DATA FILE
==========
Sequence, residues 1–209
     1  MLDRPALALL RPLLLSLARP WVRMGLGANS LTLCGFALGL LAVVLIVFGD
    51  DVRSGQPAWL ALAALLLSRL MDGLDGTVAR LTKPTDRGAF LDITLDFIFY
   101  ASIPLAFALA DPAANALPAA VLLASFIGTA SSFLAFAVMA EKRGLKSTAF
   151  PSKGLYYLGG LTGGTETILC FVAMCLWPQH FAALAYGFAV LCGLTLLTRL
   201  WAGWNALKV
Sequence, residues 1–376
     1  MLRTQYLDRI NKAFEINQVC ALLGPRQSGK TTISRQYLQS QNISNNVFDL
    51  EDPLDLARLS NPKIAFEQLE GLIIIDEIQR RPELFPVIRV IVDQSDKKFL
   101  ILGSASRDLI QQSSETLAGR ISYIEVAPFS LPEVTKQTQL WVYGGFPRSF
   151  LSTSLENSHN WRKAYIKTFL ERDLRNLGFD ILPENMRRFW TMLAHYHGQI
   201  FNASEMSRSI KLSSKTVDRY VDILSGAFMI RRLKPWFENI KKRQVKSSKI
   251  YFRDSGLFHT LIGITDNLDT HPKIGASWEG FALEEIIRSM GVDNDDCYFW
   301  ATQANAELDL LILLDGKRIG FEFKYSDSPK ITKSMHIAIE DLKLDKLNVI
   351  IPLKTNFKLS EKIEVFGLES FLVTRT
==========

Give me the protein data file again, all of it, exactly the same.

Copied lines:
Sequence, residues 1–209
     1  MLDRPALALL RPLLLSLARP WVRMGLGANS LTLCGFALGL LAVVLIVFGD
    51  DVRSGQPAWL ALAALLLSRL MDGLDGTVAR LTKPTDRGAF LDITLDFIFY
   101  ASIPLAFALA DPAANALPAA VLLASFIGTA SSFLAFAVMA EKRGLKSTAF
   151  PSKGLYYLGG LTGGTETILC FVAMCLWPQH FAALAYGFAV LCGLTLLTRL
   201  WAGWNALKV
Sequence, residues 1–376
     1  MLRTQYLDRI NKAFEINQVC ALLGPRQSGK TTISRQYLQS QNISNNVFDL
    51  EDPLDLARLS NPKIAFEQLE GLIIIDEIQR RPELFPVIRV IVDQSDKKFL
   101  ILGSASRDLI QQSSETLAGR ISYIEVAPFS LPEVTKQTQL WVYGGFPRSF
   151  LSTSLENSHN WRKAYIKTFL ERDLRNLGFD ILPENMRRFW TMLAHYHGQI
   201  FNASEMSRSI KLSSKTVDRY VDILSGAFMI RRLKPWFENI KKRQVKSSKI
   251  YFRDSGLFHT LIGITDNLDT HPKIGASWEG FALEEIIRSM GVDNDDCYFW
   301  ATQANAELDL LILLDGKRIG FEFKYSDSPK ITKSMHIAIE DLKLDKLNVI
   351  IPLKTNFKLS EKIEVFGLES FLVTRT